How about that stock market? Disclosure: I’m writing this article in June. At the end of 2021, we set out our projections for the stock market in 2022: 5,251 for the S&P 500 and 40,000 for the Dow. Those projections were based on our expectations for both profit growth in 2022 and the yield on the 10-year Treasury. At that time, given interest rates, the US stock market was still under our estimate of fair value. That is no longer true. Given the surge in long-term interest rates in 2022, the US stock market was now fairly valued for the first time in over a dozen years, dating back to the panic in 2008. During many of these past twelve years, with the US stock market well under fair value year after year, we often lifted our year-end forecast. But here we are in early June, and a vicious sell-off in the bond market has pushed the 10-year yield to 3.1%, much higher than the end of last year and above our 2.5% estimate. This higher yield makes a world of difference in how our model sees the stock market. Based on corporate earnings, we see the stock market as undervalued by roughly 20%. We think the outlook through year-end suggests a larger gain than normal when stocks are at fair value. First, some investors are already pricing in a recession for this year or early 2023. But we don’t see a recession starting that soon. As the most pessimistic investors realize they were wrong, that adjustment should drive equities upward. It’s a classic wall of worry that can help boost stocks, with bad news in the near term, already over-priced. All polls out there are signaling that there will be a red wave in November. This is not to say Republican wins are always good for equities; they’re not, far from it. In the current political situation, a Republican Congress creates a divided government where the odds of tax hikes would be dead. In addition, the judicial branch is taking a tougher line on federal regulations.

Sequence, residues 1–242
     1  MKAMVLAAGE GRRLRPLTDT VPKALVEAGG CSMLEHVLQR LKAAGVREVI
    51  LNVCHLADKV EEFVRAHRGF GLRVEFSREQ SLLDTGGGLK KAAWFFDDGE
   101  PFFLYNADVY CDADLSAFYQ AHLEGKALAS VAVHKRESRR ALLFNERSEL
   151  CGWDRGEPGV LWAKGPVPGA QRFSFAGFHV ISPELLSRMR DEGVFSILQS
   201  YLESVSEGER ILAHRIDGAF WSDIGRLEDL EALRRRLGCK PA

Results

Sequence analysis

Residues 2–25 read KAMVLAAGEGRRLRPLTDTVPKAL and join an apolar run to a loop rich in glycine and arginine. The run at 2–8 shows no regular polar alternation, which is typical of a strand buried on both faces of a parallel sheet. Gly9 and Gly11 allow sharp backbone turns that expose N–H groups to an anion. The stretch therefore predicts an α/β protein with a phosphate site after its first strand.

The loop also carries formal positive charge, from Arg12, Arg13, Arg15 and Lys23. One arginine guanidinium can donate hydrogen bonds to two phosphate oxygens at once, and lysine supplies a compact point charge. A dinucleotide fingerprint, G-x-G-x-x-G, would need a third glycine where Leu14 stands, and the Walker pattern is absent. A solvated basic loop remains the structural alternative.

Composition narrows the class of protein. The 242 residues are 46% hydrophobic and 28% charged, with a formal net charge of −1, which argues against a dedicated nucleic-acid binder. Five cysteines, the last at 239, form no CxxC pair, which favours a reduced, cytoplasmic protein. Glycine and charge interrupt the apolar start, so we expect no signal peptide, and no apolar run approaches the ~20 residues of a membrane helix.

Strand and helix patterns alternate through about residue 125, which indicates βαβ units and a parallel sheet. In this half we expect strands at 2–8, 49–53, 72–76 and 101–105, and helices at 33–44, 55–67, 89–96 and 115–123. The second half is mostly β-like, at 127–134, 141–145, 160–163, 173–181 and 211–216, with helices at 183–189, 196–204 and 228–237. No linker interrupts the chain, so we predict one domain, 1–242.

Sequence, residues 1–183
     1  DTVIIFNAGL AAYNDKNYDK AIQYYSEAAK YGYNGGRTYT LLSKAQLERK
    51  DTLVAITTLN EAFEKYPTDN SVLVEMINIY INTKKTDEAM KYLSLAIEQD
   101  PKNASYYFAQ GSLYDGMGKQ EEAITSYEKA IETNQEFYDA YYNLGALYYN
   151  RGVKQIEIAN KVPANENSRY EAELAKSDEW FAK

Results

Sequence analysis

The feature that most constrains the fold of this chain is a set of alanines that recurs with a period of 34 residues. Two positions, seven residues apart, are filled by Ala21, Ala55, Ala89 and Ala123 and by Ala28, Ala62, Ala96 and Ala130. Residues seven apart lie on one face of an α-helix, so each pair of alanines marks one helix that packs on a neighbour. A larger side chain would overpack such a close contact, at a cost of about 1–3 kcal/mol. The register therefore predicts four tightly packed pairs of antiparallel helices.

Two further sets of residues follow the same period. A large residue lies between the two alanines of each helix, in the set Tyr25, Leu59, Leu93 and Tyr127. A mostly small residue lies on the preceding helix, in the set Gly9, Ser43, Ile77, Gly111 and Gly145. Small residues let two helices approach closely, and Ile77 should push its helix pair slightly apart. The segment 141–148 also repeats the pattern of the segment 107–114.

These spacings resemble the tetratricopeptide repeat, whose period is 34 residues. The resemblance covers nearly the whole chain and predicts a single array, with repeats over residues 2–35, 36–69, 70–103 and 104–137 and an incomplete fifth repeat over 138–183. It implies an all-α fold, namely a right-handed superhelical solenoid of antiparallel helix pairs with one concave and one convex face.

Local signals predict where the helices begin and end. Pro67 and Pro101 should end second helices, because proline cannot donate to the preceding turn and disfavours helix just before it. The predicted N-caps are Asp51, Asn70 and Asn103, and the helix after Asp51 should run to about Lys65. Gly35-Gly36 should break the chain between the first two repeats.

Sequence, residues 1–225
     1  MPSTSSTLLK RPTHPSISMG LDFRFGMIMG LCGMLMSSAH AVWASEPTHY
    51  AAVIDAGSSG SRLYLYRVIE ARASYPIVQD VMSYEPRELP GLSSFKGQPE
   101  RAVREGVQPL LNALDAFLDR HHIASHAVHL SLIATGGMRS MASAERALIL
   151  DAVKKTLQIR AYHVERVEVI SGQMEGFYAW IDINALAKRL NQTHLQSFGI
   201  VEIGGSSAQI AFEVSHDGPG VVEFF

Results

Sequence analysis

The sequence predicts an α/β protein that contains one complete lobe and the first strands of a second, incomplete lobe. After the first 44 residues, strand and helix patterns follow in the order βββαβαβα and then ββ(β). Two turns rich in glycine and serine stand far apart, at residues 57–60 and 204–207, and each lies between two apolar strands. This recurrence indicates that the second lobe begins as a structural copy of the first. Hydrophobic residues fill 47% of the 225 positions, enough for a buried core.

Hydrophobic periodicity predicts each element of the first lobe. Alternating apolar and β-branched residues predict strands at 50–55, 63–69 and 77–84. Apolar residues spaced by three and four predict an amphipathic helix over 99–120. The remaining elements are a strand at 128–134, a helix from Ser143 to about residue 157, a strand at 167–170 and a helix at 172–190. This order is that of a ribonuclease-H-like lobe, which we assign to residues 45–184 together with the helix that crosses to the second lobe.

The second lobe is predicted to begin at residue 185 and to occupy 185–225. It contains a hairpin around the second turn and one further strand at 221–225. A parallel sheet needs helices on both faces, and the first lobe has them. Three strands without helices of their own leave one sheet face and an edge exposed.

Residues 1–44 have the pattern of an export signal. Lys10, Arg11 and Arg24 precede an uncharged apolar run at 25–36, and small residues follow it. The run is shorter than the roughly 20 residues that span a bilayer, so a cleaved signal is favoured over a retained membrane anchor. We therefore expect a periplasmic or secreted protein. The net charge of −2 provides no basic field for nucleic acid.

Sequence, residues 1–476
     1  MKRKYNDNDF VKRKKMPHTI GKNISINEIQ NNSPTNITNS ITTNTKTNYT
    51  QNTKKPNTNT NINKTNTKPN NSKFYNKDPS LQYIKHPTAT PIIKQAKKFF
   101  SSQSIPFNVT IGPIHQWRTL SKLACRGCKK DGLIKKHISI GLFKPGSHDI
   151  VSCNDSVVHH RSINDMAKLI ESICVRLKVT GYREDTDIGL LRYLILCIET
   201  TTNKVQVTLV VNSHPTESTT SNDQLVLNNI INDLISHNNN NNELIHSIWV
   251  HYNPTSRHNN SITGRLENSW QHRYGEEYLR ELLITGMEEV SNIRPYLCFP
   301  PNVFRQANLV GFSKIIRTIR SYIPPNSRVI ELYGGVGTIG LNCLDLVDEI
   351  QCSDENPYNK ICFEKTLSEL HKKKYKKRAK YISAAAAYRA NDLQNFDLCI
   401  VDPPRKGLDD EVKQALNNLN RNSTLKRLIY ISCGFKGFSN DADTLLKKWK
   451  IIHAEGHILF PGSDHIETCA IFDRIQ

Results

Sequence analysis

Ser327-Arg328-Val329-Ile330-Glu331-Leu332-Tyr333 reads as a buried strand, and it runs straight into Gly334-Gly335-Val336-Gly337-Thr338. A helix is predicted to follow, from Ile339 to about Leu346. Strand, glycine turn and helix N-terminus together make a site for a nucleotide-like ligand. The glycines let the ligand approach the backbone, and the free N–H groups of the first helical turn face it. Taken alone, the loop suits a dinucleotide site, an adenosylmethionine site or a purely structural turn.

Put it all together, and we think there’s a recipe for an equity rally into year-end, with the S&P 500 ending the year at 4,900 and the Dow at 39,000. However, assuming some modest increases in interest rates from here, such a rally would also put the stock market in overvalued territory. So, the rally we’re projecting would be something for equity investors to enjoy but not a reason to become complacent. This means that you can’t just “set it and forget it,” as Ron Popeil used to say in his infomercials. Instead, you or an advisor that you trust, preferably a fiduciary, like we are, should be actively managing your assets to take advantage of the market’s upward movement and weather the storms of the downward trends.
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